My old Fort Greene digs — the $750 three-bedroom apartment that I called home a mere four years ago — was one of Brownstone
The listing said the now–luxury condos were going for $900,000 to $1.4 million apiece (what? You don’t get the whole building for that?).
My former roommates couldn’t believe it either.
“That’s a bananas price-out,” one e-mailed me.
The other said that, like me, she was dying to go to the open house — you know, to see how our little Cinderella of a home looked like after some work by the Brooklyn real-estate fairy godmother.
Our somewhat bitter curiosity was to be expected. We’d made that apartment our home from 2003 to 2005, when the building was bought for the purposes of turning it into luxury condos overlooking Fort Greene Park in a historic district within one of the hippest neighborhoods in Brooklyn.
But still. Did we have to be removed in such an unceremonious fashion? And, more important, does it really take up to a year to return security deposits?
Anyway, when I turned onto Washington Park from DeKalb Avenue at about 2 pm on Sunday afternoon, it helped put me in the right frame of mind to pass the spot where a man put me in a headlock and mugged me, and the pole from which my bike was stolen.
The landscape had changed, subtly. Children from a nearby school had painted the trash cans along the side of Fort Greene Park in nature scenes of blue and yellow and white. A bike lane lined the street. When I reached the four-story building, I saw that its faÃ§ade was being redone, its grey, naked face peaking out from a row of more genteel brownstones.
A sign was pasted onto the door, which still had chipping paint and ominous-looking wood splinters. Presumably, it will be replaced, as will the discolored tiles in the entrance foyer that look like they belong in a school bathroom.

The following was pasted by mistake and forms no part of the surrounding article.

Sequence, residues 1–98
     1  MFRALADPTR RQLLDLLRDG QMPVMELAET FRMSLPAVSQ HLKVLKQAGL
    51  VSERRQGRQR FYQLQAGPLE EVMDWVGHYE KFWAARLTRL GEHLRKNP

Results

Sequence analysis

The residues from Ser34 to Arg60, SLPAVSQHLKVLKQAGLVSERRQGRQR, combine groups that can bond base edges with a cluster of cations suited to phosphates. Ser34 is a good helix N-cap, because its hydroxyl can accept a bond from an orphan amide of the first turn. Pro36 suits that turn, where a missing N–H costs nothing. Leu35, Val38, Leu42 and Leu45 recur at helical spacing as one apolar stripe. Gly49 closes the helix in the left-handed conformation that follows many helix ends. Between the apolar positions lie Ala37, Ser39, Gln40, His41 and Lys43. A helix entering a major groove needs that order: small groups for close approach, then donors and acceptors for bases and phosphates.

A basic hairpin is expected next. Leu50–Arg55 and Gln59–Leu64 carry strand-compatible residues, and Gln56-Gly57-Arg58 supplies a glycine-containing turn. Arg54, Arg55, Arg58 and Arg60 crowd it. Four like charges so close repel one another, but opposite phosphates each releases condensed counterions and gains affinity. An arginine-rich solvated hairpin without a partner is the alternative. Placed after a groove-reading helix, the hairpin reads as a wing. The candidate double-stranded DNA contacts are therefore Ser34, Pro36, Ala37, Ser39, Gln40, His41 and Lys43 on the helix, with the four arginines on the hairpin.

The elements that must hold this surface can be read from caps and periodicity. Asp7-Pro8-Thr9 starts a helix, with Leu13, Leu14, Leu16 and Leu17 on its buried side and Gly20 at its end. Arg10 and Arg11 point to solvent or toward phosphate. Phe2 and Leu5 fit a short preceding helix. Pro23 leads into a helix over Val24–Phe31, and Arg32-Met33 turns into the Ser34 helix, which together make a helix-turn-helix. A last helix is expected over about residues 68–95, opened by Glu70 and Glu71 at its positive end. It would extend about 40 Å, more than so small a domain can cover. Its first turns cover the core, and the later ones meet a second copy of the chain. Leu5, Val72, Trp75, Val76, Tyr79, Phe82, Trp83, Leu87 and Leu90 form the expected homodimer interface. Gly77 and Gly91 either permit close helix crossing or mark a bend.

The broker welcomed me warmly into the first-floor apartment. After only one week on the market, he told me that the other three units had already been sold. That meant I couldn’t visit the top-floor apartment, where I had lived. But I probably wouldn’t recognize it anyway, what with the new hardwood floors, the working fireplace, the granite counters and sleek appliances, the oak cabinets and Kohler fixtures and Toto dual-flush toilets. (Quite a step up from the cracked linoleum and the bug-ridden pantries circa 2003.)
The first-floor apartment had been turned into a duplex, with a stairway leading down into the basement where we used to do our laundry (and where we’d find the occasional cockroach). The apartment opened onto a gorgeous, restored backyard.
I left the apartment impressed, a tad wistful, and thirsty. On my way back to the train, I stopped by Smooch, the hipper-than-thou café on Carlton Avenue near DeKalb, where I asked for a lemonade. The barista, in turn, asked me for $3.25 for what couldn’t have been more than four ounces of lemonade that was suspiciously like Country Time.
The sickly sweet taste reminded me you can’t go home again.
Dana Rubinstein is a reporter at The Brooklyn Paper
A memorial service was held on Friday for the late Councilman James Davis (D–Fort Greene), who was murdered in City Hall on July 23, 2003. “It’s been four years since the assassination of my beloved brother,” said Geoffrey Davis, who now heads the James E. Davis Stop Violence Foundation. “The pain has not subsided.” …
Nearly 150 Fort Greene and Clinton Hill residents have signed a petition asking Borough President Markowitz to pressure the city to stop the development of three soaring towers — the 18-story building planned for 163 Washington Ave., and the 11-story buildings intended for 120 Adelphi St. and 99 Grand Ave. The petitioners claim the developers are fast-tracking the construction so they can get “grandfathered in” before this week’s approved Fort Greene/Clinton Hill downzoning kicks in.